3

I want to run a script in a directory in order to generate an svg file for each found dot file. Something like:

find . -name "*.dot" -exec dot -Tsvg \{} \;

This works fine but just output the result on stdout. usually I am using a redirection to generate the svg file. How can I get the dot file name to use it in the redirection like

find . -name "*.dot" -exec dot -Tsvg > "$dotfilename".svg \{} \;
4

The following:

for i in `find . -name "*.dot"`; do
   dot -Tsvg $i > $i.svg
done

performs the find (in backticks) and loops over the results, executing dot for each one. The filename is in $i.

This uses backtick substitution and is a useful mechanism for capturing command output for subsequent use in another command.

To remove the extension and add another, use ${i%.*}.svg. See this SO answer for more info.

2
  • Many thanks. In addition is it easily possible to remove the .dot extension from the svg file ? – Manuel Selva Jul 12 '12 at 14:32
  • Granted. Has some limitations – Brian Agnew Jul 12 '12 at 14:36
5

You don't need output redirection. Use -O to save to a file whose name is automatically created from the input file name and the output format.

find . -name "*.dot" -exec dot -Tsvg -O \{} \;

Just to point out that you can use {} multiple times in the argument to -exec:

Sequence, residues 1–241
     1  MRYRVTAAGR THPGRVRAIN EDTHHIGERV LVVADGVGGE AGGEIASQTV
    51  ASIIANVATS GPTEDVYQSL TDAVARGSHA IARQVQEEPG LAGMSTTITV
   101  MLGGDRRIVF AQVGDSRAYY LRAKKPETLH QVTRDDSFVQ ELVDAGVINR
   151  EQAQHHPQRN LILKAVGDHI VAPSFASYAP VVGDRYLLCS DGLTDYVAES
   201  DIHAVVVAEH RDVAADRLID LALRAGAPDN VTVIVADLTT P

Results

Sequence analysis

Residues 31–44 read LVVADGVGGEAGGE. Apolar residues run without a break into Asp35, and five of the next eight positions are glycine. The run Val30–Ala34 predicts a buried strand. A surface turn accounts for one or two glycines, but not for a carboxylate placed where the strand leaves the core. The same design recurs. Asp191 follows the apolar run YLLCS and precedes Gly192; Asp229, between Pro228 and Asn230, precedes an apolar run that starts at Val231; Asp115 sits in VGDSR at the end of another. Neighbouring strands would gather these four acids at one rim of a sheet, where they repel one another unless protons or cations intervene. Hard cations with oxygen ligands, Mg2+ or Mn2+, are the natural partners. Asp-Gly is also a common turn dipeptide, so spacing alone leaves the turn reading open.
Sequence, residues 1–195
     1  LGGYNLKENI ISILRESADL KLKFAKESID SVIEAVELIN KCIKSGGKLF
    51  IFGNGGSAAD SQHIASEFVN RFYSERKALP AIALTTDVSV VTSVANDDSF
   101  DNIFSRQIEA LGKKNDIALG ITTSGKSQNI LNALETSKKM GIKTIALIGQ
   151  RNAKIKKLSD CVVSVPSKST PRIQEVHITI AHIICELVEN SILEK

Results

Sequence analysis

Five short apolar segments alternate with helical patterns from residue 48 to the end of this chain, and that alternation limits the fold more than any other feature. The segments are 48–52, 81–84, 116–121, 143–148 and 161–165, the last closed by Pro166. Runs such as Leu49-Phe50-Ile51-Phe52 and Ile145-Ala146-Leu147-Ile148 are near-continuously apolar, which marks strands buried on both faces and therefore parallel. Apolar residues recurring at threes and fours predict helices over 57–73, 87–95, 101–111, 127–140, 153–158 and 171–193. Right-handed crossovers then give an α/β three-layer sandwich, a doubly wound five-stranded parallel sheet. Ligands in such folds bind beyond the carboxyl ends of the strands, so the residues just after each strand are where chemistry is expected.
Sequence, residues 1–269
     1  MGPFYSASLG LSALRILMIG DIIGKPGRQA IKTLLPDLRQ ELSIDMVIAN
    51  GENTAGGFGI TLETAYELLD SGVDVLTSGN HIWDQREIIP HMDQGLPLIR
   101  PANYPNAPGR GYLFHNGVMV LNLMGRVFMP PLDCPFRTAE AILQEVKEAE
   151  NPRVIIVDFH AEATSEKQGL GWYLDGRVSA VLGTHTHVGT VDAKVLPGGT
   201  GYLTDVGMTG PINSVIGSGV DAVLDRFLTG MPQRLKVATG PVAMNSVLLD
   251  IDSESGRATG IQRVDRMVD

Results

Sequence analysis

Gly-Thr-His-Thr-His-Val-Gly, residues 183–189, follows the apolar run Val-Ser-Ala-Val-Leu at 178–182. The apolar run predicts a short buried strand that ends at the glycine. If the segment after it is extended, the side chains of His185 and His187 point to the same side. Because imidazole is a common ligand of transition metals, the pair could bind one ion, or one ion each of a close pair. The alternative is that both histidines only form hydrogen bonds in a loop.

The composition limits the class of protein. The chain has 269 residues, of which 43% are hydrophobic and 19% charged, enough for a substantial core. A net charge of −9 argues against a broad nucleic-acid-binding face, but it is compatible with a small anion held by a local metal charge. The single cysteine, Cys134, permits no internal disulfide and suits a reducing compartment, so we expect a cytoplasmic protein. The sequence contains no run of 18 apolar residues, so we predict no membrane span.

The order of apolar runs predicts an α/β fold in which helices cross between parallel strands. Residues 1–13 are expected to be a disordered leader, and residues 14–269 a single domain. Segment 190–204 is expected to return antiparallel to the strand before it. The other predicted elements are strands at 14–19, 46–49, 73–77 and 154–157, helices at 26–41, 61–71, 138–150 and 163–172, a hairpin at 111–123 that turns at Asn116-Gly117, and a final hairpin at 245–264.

find . -name "*.dot" -exec dot -Tsvg -o \{}.svg \{} \;

Where the first would produce "foo.svg" from "foo.dot", the second would produce "foo.dot.svg"

0
2

You can't do the redirection here. find does execute using execvp(3) or friends, not the shell. Instead, use shell globs, or make a script which you then can call from find

An example:

for i in ./*.dot
do
    svg=${i%.dot}.svg
    dot -Tsvg "$i" > "$svg"
done
2
  • In bash v4 you can use globstar to get recursion from the glob. – jordanm Jul 12 '12 at 14:37
  • Yah. I don't want that crap (apart from the fact that it depends on bash). I prefer fixing my file organization should there ever be need. – Jo So Jul 12 '12 at 14:46
2

The problem that you are having is that redirection is processed before the find command. You can work around this by spawning another bash process in the -exec call. This also makes it easy to remove the extension using parameter expansion.

find . -name "*.dot" -exec bash -c 'dot -Tsvg "$1" > "${1%.*}".svg' -- {} \;

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